Saturday, October 27, 2007
I've gotten several hits from searches about tattoos while nursing, and I've also had many people ask me personally if it is safe to be inked while breastfeeding, so I thought I would post some helpful links. I researched thoroughly before I decided to go ahead with it, just in case anyone reading was wondering about that. And yes, my artist knows I am breastfeeding. ;)
Ultimately it is a personal decision and I know both moms who waited until they were done nursing and also those, like me, who felt safe having it done with a nursling still at home. Hopefully this info will help anyone who still may be on the fence about it.
"There is no evidence that getting a tattoo will affect breastfeeding. There should be no harm to mom or baby from the dyes injected. If you get a tattoo, the biggest concern for anyone (not just nursing moms) is infection (hepatitis or HIV)-- so make sure the place you go has good references and is clean."
La Leche League FAQ on Tattoos and Breastfeeding
"Tattoos are created by injecting ink into the dermal (second and third) layer of the skin. Tattooists use a hand-held electric machine that is fitted with solid needles coated in the ink. The needles enter the skin hundreds of times a minute to a depth of up to a few millimeters. The ink that is used in tattoos in the United States is subject to FDA regulation as cosmetics, but none are approved for injection under the skin. However, the ink molecules are too large to pass into breastmilk.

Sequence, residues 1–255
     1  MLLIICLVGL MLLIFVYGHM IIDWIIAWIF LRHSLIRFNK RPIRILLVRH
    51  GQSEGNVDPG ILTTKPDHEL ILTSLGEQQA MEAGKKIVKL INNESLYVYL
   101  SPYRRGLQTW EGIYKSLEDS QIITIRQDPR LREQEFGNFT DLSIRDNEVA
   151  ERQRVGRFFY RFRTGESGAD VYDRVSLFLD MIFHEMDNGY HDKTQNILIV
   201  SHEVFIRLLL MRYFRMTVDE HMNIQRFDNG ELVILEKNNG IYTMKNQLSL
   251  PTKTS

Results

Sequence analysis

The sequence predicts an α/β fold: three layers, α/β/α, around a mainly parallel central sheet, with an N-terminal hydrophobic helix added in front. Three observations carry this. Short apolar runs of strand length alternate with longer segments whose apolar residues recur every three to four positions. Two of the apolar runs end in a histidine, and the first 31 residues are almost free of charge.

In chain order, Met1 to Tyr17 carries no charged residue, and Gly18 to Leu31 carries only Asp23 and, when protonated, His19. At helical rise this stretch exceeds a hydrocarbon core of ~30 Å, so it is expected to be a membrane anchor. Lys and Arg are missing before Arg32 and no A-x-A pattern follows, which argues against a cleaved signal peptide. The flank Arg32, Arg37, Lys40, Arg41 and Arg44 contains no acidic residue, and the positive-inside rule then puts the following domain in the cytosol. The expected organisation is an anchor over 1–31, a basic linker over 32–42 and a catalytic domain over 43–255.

General information about tattooing also applies to breastfeeding women. Local and systemic infections are the most prevalent risks of tattooing. Local infections can occur when the recommended aftercare regimen is not followed. Aftercare includes keeping the tattoo clean with mild soap and water, not picking at the scabs and keeping the tattoo out of the sun. Tylenol is often prescribed for the pain, if needed. Systemic infections occur when universal precautions are not followed by the tattoo artist and can include such diseases as hepatitis, tetanus and HIV.
It is very important to screen the tattooist and the shop carefully, checking with the local health department for local laws and regulations. Professional tattooists will follow universal precautions such as sterilization of the tattoo machine using an autoclave, single-use inks, ink cups, gloves and needles, bagging of equipment to avoid cross contamination, and thorough hand washing with disinfectant soap. Most tattooists will not knowingly tattoo a pregnant or breastfeeding mother. It is suggested that mothers wait at least until the child's first birthday to give their bodies a chance to recover completely from childbirth before getting a tattoo."
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